Finally, let’s talk about game plans. If you play the way you do as a solo player when you’re with a friend, there’s a chance you’re throwing away some of your advantage by not utilising that link more effectively. The clear strategy is to prioritise your efforts on and around your partner, so that the two of you succeed together and can decide how the gold is spent, eliminating the potential harm of a troll with a huge economy. Outside of this, you can bring an element of trickery to the game, by hyping up your ally in team chat in front of the rest of your teammates after a good play. This positive reinforcement can set the tone for your team and give the other 3 members of your team a morale boost, which can change the tides of a game if one of them is feeling tilted or deflated.
Choosing roles that work well together is a great way to translate your chemistry into success more conveniently. Soligo breaks this down for you below:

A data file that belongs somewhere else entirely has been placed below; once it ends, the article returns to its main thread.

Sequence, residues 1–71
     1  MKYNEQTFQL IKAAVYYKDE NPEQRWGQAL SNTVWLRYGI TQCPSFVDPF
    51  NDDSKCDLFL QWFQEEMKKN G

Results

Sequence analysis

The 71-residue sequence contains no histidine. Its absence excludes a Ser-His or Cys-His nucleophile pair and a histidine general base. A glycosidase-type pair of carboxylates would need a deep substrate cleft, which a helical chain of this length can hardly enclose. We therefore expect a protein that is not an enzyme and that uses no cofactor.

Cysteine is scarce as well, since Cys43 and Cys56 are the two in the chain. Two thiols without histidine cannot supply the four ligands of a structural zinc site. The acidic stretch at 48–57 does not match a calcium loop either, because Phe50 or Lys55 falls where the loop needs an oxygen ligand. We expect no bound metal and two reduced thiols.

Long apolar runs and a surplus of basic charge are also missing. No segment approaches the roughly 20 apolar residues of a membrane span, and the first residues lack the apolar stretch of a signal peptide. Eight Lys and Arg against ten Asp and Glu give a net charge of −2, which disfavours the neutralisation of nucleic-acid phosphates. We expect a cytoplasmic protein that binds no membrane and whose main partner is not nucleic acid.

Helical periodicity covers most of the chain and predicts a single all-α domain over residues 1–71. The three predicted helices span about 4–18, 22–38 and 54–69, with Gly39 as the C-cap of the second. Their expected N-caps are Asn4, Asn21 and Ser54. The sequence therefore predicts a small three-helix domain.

Soligo: Obviously, the obvious pairing in duo queue is ADC and Support. These two roles are very heavily reliant on each other and if you take them with your partner then you’re eliminating the chance that two people with very different playstyles have to lane together. You can also choose Jungle and pretty much any other role as well, as a proactive Jungler can have a really big impact all across the map.
There are clear champion choices that conveniently click too; an obvious example being Malphite and Yasuo, as their ultimate abilities combine with deadly effect. In ADC and Support, different pairings will be in flavour based on the meta, so ensure you stay up to date with Patch Notes and tier lists so that you can best use the meta to your advantage. FakeGod brought his own insights to the matter:
FakeGod: Oh man, Rengar and Ivern is so annoying. It can be seen in Mid or Top, and it’s super strong in solo queue. The brush jumping is the biggest part of the synergy, as Rengar is a very powerful skirmisher when he can play around the brushes… but Ivern just brings them right to him.
That wraps up our tips and tricks for duo queue in League of Legends! We’d like to extend our thanks to Soligo and FakeGod for offering their advice on the matter and wish them the very best of luck when Dignitas returns in the North American LCS. GLHF!